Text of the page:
Regexes are not as complex as they might seem. There are probably a thousand tutorials on a simple web search.
It pretty much amounts to a handful of operators:
() [] * + ? . ^ $
they're not all of them but they're pretty much the most important ones.
Regexes are perceived as hard because of how cryptic they look if you haven't learned them. But once you do you discover they're pretty simple. And then even reading them isn't that hard. Probably the scariest part is the backslashing that sometimes takes place, as in
s/\/(.*\/)*(.*\..*)/\2/g
which make the pattern look like a picket fence.

  No.17185

>>17178
>>17181 here
Made this for you, hope it helps you.
http://pastebin.com/Wa8iLDv0

  No.17186

>>17185
Thank you!

  No.17194

File: 1466529434557.png (99.3 KB, 200x113, smug ako.jpg)

>>17178
just a few sources:
regex.info
regexone.com

  No.17347

>>17180
It determines how bash will store your bash history. If set to ignoreboth, it will not save commands that start with a space, nor will it save duplicate commands. I find it very handy.

  No.18704

>tfw the irc already has a linkbot
#!/usr/bin/env bash
# Copyright (c) 2016 tfm
# This code is licensed under the Simplified BSD License.
set -e

post_title() {
if [[ $(curl -I "$1" | grep text/html) ]]; then
curl -s --raw $1 -o page.html
title=$(grep -o '<title>.*</title>' page.html)
title=$(echo ${title} | sed -r 's,</?title>,,g')
rm page.html
printf "NOTICE $2 :[Link] $title\r\n" >&3
fi
}

NICK="linkbot"
SERVER="chat.freenode.net"
PORT=6667
CHANNELS=( "#example" )
GECOS="A simple linkbot."

exec 3<>/dev/tcp/${SERVER}/${PORT}

printf "NICK $NICK\r\n" >&3
printf "USER $NICK * 8 :$GECOS\r\n" >&3
for i in ${CHANNELS[@]}; do
printf "JOIN $i\r\n" >&3
done

while read -r line <&3; do
channel=$(echo "$line" | grep -Eo '#[[:graph:]]+' | head -n 1 | tr -d '\n')

if [[ $(echo $line | grep PING) ]]; then
printf "PONG\r\n" >&3
elif [[ $(echo "$line" | grep -E ".*PRIVMSG $channel :.*https?://[[:graph:]]+") ]];
then
url=$(echo $line | grep -Eo 'https?://[[:graph:]]+')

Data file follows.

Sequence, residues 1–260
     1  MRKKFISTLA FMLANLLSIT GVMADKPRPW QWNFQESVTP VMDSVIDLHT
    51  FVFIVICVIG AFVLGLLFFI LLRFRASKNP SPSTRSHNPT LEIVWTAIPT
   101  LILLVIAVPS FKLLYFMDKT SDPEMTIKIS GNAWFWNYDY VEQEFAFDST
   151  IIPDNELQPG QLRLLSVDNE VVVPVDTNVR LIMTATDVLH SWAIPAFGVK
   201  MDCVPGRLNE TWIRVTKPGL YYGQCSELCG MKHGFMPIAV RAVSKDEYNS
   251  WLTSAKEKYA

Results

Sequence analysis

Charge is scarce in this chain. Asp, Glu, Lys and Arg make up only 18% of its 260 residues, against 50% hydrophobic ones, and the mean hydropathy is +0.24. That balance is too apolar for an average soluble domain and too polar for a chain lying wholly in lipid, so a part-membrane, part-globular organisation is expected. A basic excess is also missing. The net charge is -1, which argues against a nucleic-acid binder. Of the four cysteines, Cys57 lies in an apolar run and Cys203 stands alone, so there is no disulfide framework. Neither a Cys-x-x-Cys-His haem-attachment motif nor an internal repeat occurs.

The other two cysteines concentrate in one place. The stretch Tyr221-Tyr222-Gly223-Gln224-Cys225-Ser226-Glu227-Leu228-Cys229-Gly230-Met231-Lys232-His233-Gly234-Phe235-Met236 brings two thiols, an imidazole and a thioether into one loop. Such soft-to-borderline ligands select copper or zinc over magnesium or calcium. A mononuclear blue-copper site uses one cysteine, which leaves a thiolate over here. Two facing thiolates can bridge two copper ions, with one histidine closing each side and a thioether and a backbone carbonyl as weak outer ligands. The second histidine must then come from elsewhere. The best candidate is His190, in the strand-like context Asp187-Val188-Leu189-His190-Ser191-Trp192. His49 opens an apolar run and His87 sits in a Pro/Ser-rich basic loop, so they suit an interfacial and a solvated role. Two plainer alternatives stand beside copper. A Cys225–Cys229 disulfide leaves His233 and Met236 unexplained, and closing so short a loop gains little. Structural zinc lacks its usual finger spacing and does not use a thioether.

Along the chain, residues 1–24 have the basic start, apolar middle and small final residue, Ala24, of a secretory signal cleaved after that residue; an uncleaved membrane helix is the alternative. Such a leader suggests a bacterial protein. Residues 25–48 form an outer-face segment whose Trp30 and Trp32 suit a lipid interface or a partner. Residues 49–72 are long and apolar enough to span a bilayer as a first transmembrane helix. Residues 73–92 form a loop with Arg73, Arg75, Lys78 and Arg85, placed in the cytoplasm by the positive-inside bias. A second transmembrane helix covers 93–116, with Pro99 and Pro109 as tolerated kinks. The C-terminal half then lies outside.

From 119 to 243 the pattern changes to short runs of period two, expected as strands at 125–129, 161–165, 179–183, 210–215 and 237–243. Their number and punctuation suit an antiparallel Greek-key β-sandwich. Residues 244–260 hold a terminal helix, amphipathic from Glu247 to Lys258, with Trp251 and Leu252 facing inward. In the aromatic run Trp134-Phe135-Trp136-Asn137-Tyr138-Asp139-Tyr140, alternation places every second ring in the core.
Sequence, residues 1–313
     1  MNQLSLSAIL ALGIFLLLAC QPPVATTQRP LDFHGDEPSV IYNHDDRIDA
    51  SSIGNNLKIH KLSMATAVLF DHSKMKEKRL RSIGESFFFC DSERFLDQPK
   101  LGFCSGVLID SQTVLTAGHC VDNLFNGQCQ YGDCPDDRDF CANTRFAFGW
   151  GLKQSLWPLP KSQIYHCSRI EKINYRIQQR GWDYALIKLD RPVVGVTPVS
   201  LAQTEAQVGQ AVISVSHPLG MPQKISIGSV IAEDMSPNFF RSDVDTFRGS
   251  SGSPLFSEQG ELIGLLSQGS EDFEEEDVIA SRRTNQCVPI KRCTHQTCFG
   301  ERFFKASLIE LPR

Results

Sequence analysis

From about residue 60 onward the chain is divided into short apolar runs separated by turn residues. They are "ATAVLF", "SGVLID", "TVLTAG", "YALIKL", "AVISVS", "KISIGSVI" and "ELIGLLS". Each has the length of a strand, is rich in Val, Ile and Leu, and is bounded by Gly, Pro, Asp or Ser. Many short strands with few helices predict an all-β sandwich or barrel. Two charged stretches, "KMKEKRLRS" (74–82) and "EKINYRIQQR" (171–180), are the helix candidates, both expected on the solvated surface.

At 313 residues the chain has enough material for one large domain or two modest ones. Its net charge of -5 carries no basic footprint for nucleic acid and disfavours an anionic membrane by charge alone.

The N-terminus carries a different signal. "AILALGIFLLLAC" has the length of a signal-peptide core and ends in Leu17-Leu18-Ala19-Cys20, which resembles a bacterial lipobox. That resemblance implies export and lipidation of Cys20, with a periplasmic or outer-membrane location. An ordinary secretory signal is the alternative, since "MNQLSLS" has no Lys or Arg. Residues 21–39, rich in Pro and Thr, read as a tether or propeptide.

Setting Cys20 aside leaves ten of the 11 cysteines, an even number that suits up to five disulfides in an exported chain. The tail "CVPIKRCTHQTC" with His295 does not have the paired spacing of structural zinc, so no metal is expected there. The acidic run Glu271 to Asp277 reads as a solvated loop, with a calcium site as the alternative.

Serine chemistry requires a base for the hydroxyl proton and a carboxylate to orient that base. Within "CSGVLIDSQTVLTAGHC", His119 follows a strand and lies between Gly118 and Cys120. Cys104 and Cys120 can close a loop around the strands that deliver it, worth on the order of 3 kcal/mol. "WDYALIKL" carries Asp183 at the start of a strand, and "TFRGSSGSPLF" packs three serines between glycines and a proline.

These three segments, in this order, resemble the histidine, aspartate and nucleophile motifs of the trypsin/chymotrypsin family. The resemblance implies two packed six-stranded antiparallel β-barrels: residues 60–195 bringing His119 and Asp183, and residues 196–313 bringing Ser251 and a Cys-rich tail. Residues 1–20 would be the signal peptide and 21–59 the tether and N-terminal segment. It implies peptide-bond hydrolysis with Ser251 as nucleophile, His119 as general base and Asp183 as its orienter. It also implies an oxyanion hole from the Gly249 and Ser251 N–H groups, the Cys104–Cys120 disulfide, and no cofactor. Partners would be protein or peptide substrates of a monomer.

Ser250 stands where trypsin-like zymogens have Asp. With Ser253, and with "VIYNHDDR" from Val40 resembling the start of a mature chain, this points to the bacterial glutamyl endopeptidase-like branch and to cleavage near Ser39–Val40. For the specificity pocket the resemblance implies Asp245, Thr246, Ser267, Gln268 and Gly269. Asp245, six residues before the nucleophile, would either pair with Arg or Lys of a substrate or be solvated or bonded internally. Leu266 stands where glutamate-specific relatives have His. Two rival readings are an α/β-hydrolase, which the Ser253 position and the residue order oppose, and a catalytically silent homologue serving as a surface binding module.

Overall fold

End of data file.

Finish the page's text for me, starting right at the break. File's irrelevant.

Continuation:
post_title ${url} ${channel}
elif [[ $(echo "$line" | grep -E ".*PRIVMSG $channel :.source $NICK") ]]; then
printf "NOTICE $channel :[bash] https://gitla.in/tfm/linkbot\r\n" >&3
elif [[ $(echo "$line" | grep -E ".*PRIVMSG $channel :(.bots|.bot $NICK)") ]]; then
printf "NOTICE $channel :I am a simple link reader written by tfm.\r\n" >&3
fi
done

  No.18717

>>16420
I like fish because it brings a lot of the things I got from oh-my-zsh without all that bloat.

fish is clean, simple and fast

  No.18742

I recently noticed that less -XFR
is hella useful.
ls | less -XFR
Will output things normally as long as
the output of ls is less than a single page.
If it's more, it gets paged.

  No.18932

I love Bash, but it's such a curly language with a lot of traps and dark corners, and most of the documentation and hints you find online are really bad.

If you haven't already read the Bash Guide on GreyCat's wiki, I can't recommend it highly enough. It will save your *nix life and make you appreciate shell.

http://mywiki.wooledge.org/BashGuide

  No.18936

first time posting. hopefully embedding will work
#
# ~/.bashrc
#

# If not running interactively, don't do anything
[[ $- != *i* ]] && return

alias ls='ls --color=auto'
PS1='[\u@\h \W]\$ '
alias ..='cd ..'
alias ...='cd ../..'
alias ....='cd ../../..'
alias .....='cd ../../../..' # make navigation